The social relationships between the main characters and others were interesting. Especially the characters who are mature or came from outside of Amestris (Xing for example) keep the audience interested. These characters appear to be more mature, since the brothers are in their early teens. They represent the many consequences of wars. The ones who lost their family and want revenge on their behalf, those who lost their will to live and fell into desperation and those who found their will to survive. War is easy to start and it causes many forms of destruction and sorrow to both parties. The cruelty of war was shown in this anime, and although it was not the main point of the series, it was fascinating to watch those who survived. In the end wars were only used as background explanations. Tragedies, whether they were formed in war or other incidents, were visible throughout the whole series. In the story, the characters had to live with the knowledge that they were responsible for some kind of pain. They had to accept their decisions, but accepting the results of those actions and admitting their mistakes caused them more pain. Tragic backgrounds aren’t supposed to hold back character development though. This anime focuses more on the mistakes that were made, than getting over them. The characters are almost clinging on to their mistakes and linger in their own pain, while pretending to be strong survivors, which creates incoherence.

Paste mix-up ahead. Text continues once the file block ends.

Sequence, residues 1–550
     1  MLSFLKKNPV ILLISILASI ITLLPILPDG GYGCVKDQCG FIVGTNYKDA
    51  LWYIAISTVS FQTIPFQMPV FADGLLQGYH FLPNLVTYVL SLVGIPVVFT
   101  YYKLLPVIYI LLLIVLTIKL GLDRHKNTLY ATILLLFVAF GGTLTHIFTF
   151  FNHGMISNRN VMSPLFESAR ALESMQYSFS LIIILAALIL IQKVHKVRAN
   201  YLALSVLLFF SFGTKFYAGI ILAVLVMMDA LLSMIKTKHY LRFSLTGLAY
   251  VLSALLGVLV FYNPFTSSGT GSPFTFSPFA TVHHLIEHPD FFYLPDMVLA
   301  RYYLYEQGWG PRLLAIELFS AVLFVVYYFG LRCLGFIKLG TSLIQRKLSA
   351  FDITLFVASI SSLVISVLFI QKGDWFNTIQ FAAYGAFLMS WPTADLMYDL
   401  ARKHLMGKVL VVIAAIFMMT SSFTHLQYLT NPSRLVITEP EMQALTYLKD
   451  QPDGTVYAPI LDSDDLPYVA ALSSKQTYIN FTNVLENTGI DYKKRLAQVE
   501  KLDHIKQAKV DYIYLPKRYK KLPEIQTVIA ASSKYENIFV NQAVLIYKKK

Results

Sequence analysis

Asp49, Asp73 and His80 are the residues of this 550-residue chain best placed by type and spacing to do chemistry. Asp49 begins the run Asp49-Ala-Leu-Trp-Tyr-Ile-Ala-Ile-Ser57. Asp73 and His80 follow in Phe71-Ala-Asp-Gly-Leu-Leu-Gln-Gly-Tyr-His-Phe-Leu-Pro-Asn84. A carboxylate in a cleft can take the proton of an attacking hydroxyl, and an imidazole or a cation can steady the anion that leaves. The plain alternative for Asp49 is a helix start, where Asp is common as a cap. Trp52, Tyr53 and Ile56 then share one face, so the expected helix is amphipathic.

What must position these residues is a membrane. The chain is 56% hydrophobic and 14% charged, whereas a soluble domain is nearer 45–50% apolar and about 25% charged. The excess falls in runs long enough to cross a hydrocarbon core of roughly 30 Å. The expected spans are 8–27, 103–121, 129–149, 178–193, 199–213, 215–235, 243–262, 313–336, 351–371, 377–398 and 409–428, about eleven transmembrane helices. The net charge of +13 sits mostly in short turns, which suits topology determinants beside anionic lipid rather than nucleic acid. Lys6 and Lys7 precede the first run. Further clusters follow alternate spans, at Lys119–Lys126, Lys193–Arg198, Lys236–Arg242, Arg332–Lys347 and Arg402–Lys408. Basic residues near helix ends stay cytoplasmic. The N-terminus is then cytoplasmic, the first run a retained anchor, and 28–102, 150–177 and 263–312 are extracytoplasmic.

To be honest these series are supposed to focus on many people, not just the main characters, which can be seen as changing point of view and introduction of many different characters with their own traits. Unlike Code Geass, in which Lelouch was the main focus intentionally, Fullmetal Alchemist focuses too much on the older brother Ed, often ignoring other characters. This is not a “problem” for me, but certainly caught my unwanted attention, mostly because there were supposed to be two main characters, though Al had his moments as well. There were so many intersting characters with different backgrounds, but they had no screentime at all.